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You Know That Treadmill Desk You Just Installed? That Might Have Been A Mistake

Treadmill desks are good, but the costs seem to outweigh the benefits.

You Know That Treadmill Desk You Just Installed? That Might Have Been A Mistake
[Top Photo: Lexey Swall/Washington Post/Getty Images]

Treadmill desks are one of those products that so well reflect the problems in our culture that their existence is almost a parody. Yet they are real things that exist and some people swear by them.

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There is indeed evidence that treadmill desks can boost health and even our productivity and focus at work (see: “Treadmill Desks Aren’t Just Healthier, They’ll Also Boost Your Work Performance”). But, as a new study shows, those benefits may not be all they’re cut out to be. Further, they may not be worth the cost and difficulty of getting treadmill desks set up in the first place.

Flickr user Juhan Sonin

The study, published in the Journal of Occupational and Environmental Medicine and funded by the insurer Blue Cross and Blue Shield of Louisiana, looked at how about 20 overweight and obese office workers at the company used treadmill desks over a period of 12 weeks. While the workers did increase their average number of daily steps by more than 1,000 steps, they didn’t lose any significant weight and only used the desks about half the time they were asked. On average, they spent 45 minutes a day on the machines.

One problem was that they had to walk at a pretty slow pace–1.8 miles per hour–in order to work and walk at the same time. The pace was not fast enough to get the benefits of “moderate to vigorous” physical activity set by public health guidelines. The lead author of the study, John M. Schuna, Jr, a researcher at Oregon State University, says that while there may be small benefits of walking leisurely while you work, counteracting the effects of a sedentary lifestyle to affect health would require more.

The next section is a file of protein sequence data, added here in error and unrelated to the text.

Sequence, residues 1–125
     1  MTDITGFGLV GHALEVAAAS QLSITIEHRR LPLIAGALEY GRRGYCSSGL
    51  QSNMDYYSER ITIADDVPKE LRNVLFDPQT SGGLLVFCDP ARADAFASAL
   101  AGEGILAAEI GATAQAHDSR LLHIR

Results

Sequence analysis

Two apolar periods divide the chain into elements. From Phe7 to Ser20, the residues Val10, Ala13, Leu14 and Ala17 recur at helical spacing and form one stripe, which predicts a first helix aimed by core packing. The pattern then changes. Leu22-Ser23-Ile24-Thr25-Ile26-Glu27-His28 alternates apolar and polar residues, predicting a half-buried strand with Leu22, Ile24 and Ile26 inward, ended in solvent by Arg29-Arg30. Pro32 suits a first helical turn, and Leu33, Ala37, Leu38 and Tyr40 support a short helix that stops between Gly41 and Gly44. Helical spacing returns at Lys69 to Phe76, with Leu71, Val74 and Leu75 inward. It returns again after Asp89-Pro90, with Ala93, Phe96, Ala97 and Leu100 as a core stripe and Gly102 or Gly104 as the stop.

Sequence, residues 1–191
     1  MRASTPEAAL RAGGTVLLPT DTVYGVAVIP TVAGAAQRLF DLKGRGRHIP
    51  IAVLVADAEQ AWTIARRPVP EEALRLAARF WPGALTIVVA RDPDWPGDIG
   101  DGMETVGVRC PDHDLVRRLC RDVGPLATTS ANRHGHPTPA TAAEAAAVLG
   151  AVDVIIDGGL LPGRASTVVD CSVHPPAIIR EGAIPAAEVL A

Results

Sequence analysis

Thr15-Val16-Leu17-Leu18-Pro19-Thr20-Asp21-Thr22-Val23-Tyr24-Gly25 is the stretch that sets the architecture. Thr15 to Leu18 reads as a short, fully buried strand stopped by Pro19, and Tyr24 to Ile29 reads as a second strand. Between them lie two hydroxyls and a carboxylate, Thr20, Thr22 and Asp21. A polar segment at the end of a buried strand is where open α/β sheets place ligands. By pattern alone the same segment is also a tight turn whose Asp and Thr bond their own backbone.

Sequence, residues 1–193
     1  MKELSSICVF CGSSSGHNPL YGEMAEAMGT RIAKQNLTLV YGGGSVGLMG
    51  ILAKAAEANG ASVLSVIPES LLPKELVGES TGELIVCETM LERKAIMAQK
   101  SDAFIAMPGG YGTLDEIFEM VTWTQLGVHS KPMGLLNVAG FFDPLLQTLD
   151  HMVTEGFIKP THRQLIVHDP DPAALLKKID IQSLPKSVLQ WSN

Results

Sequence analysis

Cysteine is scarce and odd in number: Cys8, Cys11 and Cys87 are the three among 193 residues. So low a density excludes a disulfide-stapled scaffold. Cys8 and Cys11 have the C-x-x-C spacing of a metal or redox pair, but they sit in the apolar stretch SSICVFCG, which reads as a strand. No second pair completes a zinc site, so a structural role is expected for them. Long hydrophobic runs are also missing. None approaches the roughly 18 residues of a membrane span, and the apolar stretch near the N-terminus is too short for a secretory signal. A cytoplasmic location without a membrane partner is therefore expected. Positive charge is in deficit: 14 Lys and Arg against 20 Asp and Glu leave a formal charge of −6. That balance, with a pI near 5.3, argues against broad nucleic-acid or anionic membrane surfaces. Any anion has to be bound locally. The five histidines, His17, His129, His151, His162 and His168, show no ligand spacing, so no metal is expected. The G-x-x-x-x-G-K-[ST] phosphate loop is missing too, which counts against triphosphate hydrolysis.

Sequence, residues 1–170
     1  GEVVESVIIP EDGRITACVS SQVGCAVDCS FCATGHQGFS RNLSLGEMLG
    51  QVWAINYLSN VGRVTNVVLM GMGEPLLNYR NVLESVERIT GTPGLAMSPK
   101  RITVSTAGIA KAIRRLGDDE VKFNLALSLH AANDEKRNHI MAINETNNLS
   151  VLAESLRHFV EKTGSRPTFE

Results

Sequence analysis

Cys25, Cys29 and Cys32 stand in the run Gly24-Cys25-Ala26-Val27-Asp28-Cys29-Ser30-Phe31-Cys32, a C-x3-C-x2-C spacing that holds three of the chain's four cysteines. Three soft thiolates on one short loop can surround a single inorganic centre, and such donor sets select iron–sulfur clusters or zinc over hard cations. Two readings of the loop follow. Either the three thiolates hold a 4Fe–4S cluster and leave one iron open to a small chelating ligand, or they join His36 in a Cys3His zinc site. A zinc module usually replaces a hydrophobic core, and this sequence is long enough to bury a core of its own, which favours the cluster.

Further in favor of the “not worth the hassle” point of view on treadmill desks, it’s telling that the researchers even had trouble recruiting people for the study. Only 10% of 700 employees eligible for the study were interested in participating. Those that did couldn’t use the treadmill desks as often as they were supposed to, because their jobs that day made it difficult or they had trouble scheduling time (since several workers shared the same treadmill desk, something that would likely happen in a regular office setting because the desks are expensive).

All in all, Schuna says that there needs to be some way to increase exercise activity in the workplace. But treadmill desks may not be worth the cost and attention.

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About the author

Jessica Leber is a staff editor and writer for Fast Company's Co.Exist. Previously, she was a business reporter for MIT’s Technology Review and an environmental reporter at ClimateWire

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